Sign Language : Reading Flannery O'Connor's Graphic Narrative
Flannery O'Connor is unique in that she is not only familiar with seventeenth-century emblematic representations of scriptural truth, but she is also knowledgeable of the conventions of twentieth-century art forms.
Her characters are illuminated by textual images formulated from the juxtaposition of scripture, seventeenth- and twentieth-century archetypes, and street detritus that inhabits pictorial sequences exceeding the boundaries of time and diachronically upending O'Connor's narrative world.
O'Connor's undergraduate single panel cartoons are an excellent starting point when tracing the chronological development of her stylized graphic narrative.
The sardonic captions are illustrated by characters who are compositions of deeply gouged lines and dots.
In her first novel, Wise Blood, some of the cartoonish grotesques remain, but the conventions of painting prevail in the novel.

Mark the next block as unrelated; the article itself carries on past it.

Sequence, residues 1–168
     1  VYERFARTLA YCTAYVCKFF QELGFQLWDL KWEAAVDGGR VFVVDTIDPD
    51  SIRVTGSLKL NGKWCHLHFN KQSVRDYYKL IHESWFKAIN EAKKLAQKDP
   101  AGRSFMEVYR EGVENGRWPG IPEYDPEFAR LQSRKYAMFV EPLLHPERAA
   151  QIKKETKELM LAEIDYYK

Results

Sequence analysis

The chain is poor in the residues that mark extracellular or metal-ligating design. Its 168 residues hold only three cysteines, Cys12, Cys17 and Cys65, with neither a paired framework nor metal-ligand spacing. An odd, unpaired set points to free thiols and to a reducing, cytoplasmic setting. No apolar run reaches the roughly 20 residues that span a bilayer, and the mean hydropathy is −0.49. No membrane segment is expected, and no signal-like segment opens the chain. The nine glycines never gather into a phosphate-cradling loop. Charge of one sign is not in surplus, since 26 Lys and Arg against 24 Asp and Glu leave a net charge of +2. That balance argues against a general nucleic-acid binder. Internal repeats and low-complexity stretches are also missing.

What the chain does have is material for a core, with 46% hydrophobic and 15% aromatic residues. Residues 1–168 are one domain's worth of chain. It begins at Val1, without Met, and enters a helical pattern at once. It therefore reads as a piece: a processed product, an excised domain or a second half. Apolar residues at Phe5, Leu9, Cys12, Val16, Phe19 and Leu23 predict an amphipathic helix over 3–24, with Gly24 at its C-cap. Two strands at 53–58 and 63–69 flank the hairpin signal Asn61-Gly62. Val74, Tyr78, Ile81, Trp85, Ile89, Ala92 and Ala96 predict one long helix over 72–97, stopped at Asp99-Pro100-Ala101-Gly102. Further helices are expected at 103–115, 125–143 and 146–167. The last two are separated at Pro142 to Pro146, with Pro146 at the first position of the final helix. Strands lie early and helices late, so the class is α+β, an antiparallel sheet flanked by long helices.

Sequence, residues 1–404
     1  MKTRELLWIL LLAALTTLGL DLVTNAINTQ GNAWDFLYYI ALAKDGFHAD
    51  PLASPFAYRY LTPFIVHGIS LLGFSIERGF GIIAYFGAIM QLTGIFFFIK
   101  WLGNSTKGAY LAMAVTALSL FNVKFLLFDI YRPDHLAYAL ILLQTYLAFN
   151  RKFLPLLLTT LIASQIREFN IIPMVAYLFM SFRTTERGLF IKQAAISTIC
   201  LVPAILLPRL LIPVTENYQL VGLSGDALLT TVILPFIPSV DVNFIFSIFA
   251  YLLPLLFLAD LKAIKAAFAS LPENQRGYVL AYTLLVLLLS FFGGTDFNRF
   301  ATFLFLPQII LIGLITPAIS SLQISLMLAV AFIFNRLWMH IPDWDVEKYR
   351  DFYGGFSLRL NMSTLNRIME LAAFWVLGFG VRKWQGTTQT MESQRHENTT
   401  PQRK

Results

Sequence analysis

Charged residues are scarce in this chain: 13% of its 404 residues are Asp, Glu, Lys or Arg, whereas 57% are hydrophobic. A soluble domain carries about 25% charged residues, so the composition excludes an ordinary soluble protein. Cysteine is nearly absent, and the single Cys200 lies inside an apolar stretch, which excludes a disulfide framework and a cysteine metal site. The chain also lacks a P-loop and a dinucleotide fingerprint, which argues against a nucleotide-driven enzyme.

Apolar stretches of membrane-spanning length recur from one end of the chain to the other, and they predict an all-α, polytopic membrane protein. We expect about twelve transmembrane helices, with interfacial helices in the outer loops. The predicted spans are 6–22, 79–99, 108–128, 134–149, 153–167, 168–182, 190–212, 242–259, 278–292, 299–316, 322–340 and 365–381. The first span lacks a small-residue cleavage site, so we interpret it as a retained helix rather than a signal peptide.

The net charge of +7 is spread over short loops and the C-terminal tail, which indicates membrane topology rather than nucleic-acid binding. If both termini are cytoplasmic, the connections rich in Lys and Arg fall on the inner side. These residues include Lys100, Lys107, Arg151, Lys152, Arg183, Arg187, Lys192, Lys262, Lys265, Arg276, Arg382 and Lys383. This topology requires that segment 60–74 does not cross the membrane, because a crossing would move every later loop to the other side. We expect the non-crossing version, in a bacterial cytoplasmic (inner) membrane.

Her characters are momentarily frozen in still life tableaux vivants or in montages, resulting in jarring juxtapositions.
In The Violent Bear it Away, O'Connor recreates ""snapshot"" moments, not unlike those inexpertly captured by the twentieth-century amateur photographer with a Brownie box camera.
Every photograph taken at this time was accompanied by its negative.
Reading the inverted negative and positive space, in the novel, reveals a palimpsestic Divine world coexisting alongside the world as we know it.
The idea of tattooing graphic text on the human body first occurs in the manuscript of Why do the Heathen Rage? and then in O'Connor's last story, Parker's Back. Flannery O'Connor's graphic narrative, a sign language of dots and lines, discarded objects, and the mutilation of human bodies, provides a stark illuminated manuscript for her readers.